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# Ideally, we would manage async access to stdin/stdout/stderr *without*
# setting them to non-blocking mode, because that can break other processes.
# (See for much more detail.)
# Of course we can call read/write in a separate thread, but then we lose
# cancellation support.
# This file demonstrates a weird hack to make blocking read/write cancellable,
# and thus at least theoretically possible to integrate into Trio as ordinary
# first-class operations.
# I blame @geofft.
# This only works on Linux; possibly it only works on glibc.
import trio
import os
import socket
import errno
bad_socket = socket.socket()
class BlockingReadTimeoutError(Exception):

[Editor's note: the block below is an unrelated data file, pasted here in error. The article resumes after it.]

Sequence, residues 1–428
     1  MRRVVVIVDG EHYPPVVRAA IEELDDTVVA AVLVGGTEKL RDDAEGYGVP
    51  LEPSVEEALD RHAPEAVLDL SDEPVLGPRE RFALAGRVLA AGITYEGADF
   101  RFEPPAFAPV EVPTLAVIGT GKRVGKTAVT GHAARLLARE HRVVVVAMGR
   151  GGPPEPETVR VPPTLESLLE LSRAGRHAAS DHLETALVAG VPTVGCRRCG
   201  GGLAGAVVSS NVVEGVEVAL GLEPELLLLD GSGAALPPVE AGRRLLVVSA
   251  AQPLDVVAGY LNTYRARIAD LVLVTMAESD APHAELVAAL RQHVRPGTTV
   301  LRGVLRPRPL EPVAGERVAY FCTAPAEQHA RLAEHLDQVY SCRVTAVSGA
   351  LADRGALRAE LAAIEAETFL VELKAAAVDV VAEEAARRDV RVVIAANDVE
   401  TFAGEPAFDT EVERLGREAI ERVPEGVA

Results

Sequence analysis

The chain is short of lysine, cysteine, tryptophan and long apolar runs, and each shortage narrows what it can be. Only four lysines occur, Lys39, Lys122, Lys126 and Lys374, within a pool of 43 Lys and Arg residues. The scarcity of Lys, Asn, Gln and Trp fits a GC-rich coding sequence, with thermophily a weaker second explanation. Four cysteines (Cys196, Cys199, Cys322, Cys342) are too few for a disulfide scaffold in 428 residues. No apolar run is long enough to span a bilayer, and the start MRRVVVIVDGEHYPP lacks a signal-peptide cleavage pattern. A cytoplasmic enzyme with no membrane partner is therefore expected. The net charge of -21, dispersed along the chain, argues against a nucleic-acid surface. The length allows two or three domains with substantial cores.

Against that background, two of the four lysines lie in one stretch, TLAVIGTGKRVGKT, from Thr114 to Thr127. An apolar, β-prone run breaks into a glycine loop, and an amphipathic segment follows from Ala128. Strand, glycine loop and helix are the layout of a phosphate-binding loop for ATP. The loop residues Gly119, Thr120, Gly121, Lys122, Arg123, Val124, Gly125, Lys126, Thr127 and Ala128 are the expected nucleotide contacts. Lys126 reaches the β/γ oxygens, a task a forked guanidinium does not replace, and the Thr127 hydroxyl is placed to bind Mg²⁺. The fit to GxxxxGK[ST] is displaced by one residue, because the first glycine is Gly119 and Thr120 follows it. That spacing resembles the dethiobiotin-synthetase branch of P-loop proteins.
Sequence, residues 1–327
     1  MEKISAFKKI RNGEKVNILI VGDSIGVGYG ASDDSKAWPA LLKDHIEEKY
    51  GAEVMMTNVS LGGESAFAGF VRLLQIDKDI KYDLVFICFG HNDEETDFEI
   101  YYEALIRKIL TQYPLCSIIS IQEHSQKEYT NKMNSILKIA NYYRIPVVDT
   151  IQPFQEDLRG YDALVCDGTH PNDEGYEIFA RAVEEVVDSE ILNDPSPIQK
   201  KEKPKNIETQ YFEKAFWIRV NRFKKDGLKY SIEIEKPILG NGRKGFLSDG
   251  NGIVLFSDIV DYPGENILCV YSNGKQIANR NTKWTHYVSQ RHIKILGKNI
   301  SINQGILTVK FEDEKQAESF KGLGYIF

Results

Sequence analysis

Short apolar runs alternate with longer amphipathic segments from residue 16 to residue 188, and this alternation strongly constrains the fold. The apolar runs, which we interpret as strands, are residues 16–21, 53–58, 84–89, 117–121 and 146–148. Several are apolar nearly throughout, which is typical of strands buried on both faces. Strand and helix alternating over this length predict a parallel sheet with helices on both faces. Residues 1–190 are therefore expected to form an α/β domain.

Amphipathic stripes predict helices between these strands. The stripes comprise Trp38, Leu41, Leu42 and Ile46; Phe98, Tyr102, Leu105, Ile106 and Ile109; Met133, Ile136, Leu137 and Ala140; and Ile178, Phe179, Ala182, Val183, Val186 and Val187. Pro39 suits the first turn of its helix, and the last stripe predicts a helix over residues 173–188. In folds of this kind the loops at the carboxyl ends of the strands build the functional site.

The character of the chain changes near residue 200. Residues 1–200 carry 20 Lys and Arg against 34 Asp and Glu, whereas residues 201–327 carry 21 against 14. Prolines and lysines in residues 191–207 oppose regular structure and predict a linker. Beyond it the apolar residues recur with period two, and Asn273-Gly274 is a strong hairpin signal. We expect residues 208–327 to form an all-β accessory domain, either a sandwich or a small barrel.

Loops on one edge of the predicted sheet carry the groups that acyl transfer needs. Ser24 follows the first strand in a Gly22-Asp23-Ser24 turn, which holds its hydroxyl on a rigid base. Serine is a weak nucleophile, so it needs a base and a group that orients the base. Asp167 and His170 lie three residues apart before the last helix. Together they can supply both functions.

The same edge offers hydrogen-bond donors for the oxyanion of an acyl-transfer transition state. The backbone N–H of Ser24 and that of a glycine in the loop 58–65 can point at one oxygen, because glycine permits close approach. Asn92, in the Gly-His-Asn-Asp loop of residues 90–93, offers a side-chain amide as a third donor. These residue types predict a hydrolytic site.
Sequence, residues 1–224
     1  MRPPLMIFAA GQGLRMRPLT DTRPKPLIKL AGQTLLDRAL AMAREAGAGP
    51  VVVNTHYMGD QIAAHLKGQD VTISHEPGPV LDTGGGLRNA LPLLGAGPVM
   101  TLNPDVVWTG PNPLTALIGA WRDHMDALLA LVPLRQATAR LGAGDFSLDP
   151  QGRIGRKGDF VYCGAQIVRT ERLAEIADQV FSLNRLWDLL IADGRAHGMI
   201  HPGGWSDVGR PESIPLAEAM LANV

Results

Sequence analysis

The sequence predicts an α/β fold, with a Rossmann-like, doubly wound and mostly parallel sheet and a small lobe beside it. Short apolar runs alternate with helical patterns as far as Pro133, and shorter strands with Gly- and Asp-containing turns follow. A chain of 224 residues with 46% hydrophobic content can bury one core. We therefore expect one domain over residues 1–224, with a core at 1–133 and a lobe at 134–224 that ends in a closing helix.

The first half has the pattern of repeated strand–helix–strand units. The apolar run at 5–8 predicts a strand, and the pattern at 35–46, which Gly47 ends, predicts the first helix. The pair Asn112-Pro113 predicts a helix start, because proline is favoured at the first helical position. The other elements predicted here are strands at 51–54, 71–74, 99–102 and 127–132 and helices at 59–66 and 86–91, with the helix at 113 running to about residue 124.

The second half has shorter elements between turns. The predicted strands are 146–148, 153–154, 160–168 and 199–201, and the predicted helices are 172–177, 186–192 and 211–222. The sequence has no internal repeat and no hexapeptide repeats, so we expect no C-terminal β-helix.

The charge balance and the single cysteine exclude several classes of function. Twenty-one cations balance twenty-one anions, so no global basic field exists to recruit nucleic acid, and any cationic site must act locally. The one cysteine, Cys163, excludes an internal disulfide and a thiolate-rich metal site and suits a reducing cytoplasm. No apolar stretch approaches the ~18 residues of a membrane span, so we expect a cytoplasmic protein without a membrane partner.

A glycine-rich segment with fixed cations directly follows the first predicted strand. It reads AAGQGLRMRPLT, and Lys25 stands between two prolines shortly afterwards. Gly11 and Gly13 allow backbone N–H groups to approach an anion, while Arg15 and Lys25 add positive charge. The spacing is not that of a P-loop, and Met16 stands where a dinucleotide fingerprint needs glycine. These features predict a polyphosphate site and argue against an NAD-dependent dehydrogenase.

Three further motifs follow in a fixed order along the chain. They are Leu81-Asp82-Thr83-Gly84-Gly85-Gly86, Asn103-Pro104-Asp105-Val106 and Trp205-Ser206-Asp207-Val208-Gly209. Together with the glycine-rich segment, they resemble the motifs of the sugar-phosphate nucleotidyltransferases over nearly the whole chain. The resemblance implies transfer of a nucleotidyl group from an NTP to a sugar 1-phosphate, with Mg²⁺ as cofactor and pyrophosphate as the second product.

async def blocking_read_with_timeout(fd, count, timeout):
print("reading from fd", fd)
cancel_requested = False
async def kill_it_after_timeout(new_fd):
await trio.sleep(timeout)
print("breaking the fd")
os.dup2(bad_socket.fileno(), new_fd, inheritable=False)
nonlocal cancel_requested
cancel_requested = True
new_fd = os.dup(fd)
print("working fd is", new_fd)
async with trio.open_nursery() as nursery:
nursery.start_soon(kill_it_after_timeout, new_fd)
data = await trio.run_sync_in_worker_thread(, new_fd, count)
except OSError as exc:
if cancel_requested and exc.errno == errno.ENOTCONN:
# Call was successfully cancelled. In a real version we'd
# integrate properly with trio's cancellation tools; here
# we'll just raise an arbitrary error.
raise BlockingReadTimeoutError from None
print("got", data)
return data
os.close(new_fd), 0, 10, 2)
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